A little while later, Austin Rivers dribbles the ball up and passes to Paul Pierce who then hands it off to Jamal Crawford. This is actually a nice little play for a while and shows that the bench can move the ball and players. After Crawford gets the ball, he hands it back off to Rivers coming off of a baseline curl. Rivers then dribbles into the free-throw area and throws a pass back to Crawford on the left wing. Crawford looks open for a three, but he bypasses that look for a dribble-drive move before passing back to Rivers on the right wing. Rivers then fires to Stephenson in the corner, but his shot gets blocked by Bruno Caboclo and Toronto rebounds to end the possession.

Okay, let’s break this down. First, the movement is really good. The issue, though, is that when Rivers passes to Crawford on the wing and Crawford bypasses the three, Rivers is too close to Pierce on the right wing and Pierce is too close to Stephenson. It creates a major spacing issue at that point in time. It becomes easier for the defense to defend the space if more bodies occupy the space. Secondly, Crawford should not have bypassed the three-point opportunity there. While some would have probably seen it as selfish, it was still a really good look and a defender wasn’t going to close out in time. Crawford had already made up his mind far ahead of time and then dribbled out of a good shoot.

Thirdly, do not blame Stephenson here. This is more or less to showcase how the bench moved. Stephenson having his shot blocked isn’t exactly his fault. While there were 8 seconds left on the shot clock, it’s hard to say if a better shot would have been available. Had Stephenson passed to his left and hit Paul Pierce, that puts a ton of pressure on Pierce to create in a limited amount of time. Nothing Lance did was wrong. He was just done in by poor spacing that was the result of Rivers sort of flaring to the right wing rather than the top of the arc. Also, really nice screen set by Smith to free Rivers up at the free-throw line and create a possible shot opportunity for Crawford on the wing.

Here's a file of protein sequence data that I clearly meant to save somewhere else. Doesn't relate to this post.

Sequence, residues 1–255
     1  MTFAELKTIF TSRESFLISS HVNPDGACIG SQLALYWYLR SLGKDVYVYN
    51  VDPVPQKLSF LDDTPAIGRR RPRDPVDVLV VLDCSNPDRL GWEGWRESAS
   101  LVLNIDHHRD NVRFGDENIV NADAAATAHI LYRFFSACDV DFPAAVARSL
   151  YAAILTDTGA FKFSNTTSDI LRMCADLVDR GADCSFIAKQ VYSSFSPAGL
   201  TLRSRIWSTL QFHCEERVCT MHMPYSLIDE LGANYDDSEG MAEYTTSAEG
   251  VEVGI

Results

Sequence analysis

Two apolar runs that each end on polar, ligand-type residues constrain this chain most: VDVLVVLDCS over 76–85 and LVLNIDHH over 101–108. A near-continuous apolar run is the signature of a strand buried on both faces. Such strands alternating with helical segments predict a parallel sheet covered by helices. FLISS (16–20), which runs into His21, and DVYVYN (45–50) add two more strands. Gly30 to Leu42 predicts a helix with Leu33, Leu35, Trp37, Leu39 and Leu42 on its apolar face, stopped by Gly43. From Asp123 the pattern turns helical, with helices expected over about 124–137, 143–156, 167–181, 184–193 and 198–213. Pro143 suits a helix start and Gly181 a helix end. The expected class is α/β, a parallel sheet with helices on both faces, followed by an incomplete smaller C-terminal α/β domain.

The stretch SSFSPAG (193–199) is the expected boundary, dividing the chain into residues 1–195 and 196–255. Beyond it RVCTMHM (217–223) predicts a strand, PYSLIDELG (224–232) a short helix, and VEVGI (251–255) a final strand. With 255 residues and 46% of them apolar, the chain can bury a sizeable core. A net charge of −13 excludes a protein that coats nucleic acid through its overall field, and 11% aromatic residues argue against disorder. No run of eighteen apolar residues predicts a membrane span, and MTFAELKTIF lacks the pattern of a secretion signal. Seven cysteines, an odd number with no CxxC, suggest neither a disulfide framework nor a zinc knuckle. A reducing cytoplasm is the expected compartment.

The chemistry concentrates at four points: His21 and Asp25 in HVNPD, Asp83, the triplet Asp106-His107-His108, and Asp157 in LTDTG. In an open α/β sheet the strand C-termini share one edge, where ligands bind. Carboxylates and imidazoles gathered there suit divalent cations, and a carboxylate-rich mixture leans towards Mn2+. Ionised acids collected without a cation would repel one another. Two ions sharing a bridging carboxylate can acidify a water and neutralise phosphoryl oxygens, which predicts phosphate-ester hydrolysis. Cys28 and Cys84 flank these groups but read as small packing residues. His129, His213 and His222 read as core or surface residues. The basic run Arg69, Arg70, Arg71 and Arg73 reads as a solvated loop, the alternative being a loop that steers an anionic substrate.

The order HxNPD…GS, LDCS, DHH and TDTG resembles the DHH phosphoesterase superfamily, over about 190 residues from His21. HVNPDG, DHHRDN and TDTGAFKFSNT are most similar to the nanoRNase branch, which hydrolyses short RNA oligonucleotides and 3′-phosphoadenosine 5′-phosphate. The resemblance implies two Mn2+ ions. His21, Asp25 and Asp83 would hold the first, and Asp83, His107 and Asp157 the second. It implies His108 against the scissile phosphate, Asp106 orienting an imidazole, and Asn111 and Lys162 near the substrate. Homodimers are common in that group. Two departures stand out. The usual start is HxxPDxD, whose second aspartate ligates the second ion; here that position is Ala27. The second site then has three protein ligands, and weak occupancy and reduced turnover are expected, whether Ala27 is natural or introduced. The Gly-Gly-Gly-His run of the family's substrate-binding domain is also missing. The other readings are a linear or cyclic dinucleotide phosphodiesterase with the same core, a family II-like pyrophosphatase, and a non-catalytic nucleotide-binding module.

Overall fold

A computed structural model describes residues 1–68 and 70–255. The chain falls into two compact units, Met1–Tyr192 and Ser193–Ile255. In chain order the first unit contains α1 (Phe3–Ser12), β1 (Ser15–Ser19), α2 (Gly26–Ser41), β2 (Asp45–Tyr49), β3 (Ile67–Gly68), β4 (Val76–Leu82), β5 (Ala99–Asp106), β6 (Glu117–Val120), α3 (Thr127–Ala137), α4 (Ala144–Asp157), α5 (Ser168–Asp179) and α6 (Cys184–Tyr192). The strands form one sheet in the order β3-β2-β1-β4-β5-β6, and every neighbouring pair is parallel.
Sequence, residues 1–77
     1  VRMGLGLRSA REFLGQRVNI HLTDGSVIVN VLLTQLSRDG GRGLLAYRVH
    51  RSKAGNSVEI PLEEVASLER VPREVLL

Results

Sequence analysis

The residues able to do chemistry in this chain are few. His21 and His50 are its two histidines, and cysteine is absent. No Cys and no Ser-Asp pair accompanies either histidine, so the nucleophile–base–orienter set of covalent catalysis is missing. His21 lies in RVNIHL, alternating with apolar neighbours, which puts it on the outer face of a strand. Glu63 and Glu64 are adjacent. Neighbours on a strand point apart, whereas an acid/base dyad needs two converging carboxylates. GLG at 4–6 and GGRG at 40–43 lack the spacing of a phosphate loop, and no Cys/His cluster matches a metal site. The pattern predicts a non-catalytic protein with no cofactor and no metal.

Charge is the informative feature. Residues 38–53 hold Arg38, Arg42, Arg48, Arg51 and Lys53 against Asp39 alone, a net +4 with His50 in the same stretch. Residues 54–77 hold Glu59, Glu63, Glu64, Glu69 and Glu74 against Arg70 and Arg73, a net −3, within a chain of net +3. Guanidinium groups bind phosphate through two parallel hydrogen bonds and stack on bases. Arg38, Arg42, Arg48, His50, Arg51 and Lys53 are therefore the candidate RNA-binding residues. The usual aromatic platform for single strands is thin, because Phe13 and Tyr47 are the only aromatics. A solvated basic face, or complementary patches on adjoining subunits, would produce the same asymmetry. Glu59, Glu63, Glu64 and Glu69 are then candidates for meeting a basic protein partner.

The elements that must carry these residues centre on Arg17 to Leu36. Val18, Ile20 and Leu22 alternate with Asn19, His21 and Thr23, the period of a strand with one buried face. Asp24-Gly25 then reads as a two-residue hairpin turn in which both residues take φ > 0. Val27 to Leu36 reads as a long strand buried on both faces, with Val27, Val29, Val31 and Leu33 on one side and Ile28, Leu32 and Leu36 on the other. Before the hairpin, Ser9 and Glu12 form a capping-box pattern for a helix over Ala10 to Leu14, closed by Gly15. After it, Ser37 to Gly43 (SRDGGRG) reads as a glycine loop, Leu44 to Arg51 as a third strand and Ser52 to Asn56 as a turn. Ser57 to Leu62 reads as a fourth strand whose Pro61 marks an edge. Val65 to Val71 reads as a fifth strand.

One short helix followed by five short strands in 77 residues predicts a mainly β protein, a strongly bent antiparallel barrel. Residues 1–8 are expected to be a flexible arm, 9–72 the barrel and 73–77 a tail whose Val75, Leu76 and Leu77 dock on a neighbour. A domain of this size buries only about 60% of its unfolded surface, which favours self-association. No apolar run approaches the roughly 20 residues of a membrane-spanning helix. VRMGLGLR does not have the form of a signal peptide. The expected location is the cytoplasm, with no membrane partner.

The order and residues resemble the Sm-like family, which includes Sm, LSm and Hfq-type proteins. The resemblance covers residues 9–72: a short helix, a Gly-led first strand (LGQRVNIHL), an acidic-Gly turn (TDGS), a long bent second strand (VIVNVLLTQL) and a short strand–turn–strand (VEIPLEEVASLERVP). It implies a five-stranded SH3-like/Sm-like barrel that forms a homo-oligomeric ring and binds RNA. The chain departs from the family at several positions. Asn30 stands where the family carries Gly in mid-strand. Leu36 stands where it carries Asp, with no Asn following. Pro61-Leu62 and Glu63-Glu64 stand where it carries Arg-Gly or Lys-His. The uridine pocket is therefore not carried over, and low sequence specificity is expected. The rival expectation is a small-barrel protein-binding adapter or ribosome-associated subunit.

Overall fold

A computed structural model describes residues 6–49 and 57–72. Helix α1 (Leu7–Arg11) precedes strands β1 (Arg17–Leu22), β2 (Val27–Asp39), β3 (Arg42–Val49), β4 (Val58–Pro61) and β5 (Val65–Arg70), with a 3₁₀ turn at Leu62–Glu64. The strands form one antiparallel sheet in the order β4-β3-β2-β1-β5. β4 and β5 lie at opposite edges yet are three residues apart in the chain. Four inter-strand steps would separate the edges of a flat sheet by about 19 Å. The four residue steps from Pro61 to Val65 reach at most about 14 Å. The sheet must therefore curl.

With roughly 90 seconds to go in the first quarter, Cory Joseph dribbles into the frontcourt against Austin Rivers. All you have to do on this play is just watch Lance Stephenson and Terrence Ross. They both start in the far corner as the possession gets underway. Bruno Caboclo curls around to set Ross a screen on Stephenson so that Ross can get freed to run to the nearside wing. Stephenson sees this and expertly navigates his way through the gap and traffic so that Ross cannot get the ball. Joseph wanted to pass to Ross, but he couldn’t do it whatsoever. This forces Ross to then curl back around to the far corner to get open again. In the meantime, Luis Scola is called for an offensive foul against Paul Pierce thus ending Toronto’s possession. On this play, you can see what an engaged Stephenson is capable of defensively. He stifles the play by just being smart and paying attention. Good work by Lance.